Some border patrol stations have been slow to carry out President Donald Trump’s immigration enforcement executive order and instead have continued former President Barack Obama’s “catch-and-release” policies, according to a union official.
Brandon Judd, president of the National Border Patrol Council, told LifeZette that he raised concerns Thursday with U.S. Border Patrol Chief Ronald Vitiello. He said he is confident that issue soon will be corrected.
“We’re still walking people out the door. The catch-and-release policy is still in place in some sectors.”
But Judd said as recently as Thursday, some border patrol stations were still releasing border-jumpers, often without even issuing notices to appear in immigration court hearings. Obama’s policy was to release anyone claiming to have been living continuously in the United States since before Jan. 1, 2014, if they did not have criminal records or active warrants.
“We’re still walking people out the door,” Judd said. “The catch-and-release policy is still in place in some sectors.”
Judd said it was a minority of sectors that have been resisting Trump’s new directives. He laid the blame at the feet of U.S. Border Patrol managers, not front-line officers.
“This is not the administration’s fault. This is Border Patrol’s fault,” he said. “It varies from sector to sector. Some sectors still are operating under the Obama administration’s policies. And that’s troubling … It’s just been very willy-nilly.”
Asked about the status of Trump’s marching orders, Customs and Border Protection spokesman Carlos Diaz wrote in an email to LifeZette, “CBP has worked towards implementing the measures mandated by the Executive Orders since they were signed.”
Judd said some managers have been waiting for specific written guidelines to filter down from the Department of Homeland Security. He said he considers that unnecessary since the president’s executive order is crystal clear. He said anyone apprehended by border patrol agents should be turned over to Immigration and Customs Enforcement authorities. That agency and immigration judges are charged with deciding whether someone should be deported.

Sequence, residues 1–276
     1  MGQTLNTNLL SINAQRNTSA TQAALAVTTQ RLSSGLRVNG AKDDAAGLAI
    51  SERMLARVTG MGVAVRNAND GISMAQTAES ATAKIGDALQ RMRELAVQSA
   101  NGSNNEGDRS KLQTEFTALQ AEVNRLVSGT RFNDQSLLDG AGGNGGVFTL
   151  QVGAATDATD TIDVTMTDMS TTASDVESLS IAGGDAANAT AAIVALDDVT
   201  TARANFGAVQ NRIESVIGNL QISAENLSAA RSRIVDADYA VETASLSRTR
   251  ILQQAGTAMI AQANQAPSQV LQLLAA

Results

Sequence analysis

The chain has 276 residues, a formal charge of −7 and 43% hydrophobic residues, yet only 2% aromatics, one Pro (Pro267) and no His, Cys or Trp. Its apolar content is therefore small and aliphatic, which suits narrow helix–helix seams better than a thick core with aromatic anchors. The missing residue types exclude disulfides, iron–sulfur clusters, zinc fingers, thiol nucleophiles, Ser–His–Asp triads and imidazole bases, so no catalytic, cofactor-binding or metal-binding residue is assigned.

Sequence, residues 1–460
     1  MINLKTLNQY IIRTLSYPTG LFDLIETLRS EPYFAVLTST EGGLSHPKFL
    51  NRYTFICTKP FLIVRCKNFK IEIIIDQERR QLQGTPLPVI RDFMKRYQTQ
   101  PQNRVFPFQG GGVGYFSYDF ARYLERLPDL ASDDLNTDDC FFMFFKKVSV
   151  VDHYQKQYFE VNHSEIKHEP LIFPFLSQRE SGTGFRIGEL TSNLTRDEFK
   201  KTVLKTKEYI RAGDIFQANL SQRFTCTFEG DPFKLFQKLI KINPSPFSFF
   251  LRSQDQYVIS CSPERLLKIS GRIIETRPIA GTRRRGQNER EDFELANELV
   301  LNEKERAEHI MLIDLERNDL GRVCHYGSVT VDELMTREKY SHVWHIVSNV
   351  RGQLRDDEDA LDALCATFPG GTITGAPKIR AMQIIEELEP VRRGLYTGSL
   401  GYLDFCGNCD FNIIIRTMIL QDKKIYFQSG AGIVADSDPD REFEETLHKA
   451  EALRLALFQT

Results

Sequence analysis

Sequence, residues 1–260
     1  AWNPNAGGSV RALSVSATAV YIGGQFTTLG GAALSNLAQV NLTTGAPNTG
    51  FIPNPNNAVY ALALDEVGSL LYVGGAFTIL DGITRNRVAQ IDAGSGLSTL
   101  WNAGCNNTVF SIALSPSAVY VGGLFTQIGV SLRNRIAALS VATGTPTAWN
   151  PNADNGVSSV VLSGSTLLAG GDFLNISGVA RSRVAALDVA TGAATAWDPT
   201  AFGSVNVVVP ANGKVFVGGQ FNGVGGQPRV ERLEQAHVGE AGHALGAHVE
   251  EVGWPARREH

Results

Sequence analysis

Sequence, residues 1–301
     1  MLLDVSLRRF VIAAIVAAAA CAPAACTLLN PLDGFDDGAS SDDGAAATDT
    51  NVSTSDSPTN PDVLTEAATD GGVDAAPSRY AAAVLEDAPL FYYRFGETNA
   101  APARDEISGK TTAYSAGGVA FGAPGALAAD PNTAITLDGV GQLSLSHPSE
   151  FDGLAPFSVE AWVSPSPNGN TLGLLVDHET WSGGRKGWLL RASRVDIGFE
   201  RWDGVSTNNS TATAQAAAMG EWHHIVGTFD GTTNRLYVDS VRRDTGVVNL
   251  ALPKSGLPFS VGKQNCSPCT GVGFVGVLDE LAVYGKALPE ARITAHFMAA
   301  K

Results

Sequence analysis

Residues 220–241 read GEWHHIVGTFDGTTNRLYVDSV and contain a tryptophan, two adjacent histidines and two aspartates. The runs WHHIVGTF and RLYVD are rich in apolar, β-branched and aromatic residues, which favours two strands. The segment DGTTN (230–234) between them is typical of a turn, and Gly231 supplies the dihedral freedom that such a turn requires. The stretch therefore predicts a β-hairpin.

Jessica Vaughan, director of policy studies at the Center for Immigration Studies, said she was not aware that the president’s executive order had not been fully implemented three weeks after he issued it.
“It actually surprises me. But if that’s the case, certainly the administration is going to need to look into that if they’re going to be undermined,” she said. “That’s got to be nipped in the bud.”
Vaughan, a former U.S. Foreign Service officer, said it often takes time for new policies to be fully embraced. This especially is true during the transition from one administration to the next, she said, because the outgoing administration often has promoted managers who agree with its policy goals.
She noted that Obama, himself, faced bumps in the road on the way to implementing enforcement directives mandating a lighter hand. She said union officials enforced the letter of their collective bargaining agreement requiring training before new policies are adopted.
“It’s not unusual for people who are in disagreement with change to dig in their heels and take a stand,” she said. “I certainly saw that at the State Department where implementation of law and policies could differ based on the views of different managers and different posts.”
Joseph Guzzardi, a spokesman for Californians for Population Stabilization, said it was disappointing that some border patrol officials appear not be onboard with the new policies.
“It would be surprising to me because Border Patrol has been hugely in support of Trump when he ran,” he said. “I have been down to the border and talked to Border Patrol agents and got the clear impression that they were eager to enforce immigration law.”
Judd said he expects a “compete change” after his conversation with Vitiello but added that the policies already should be fully implemented.
“It should not have had to be me who informed him,” he said.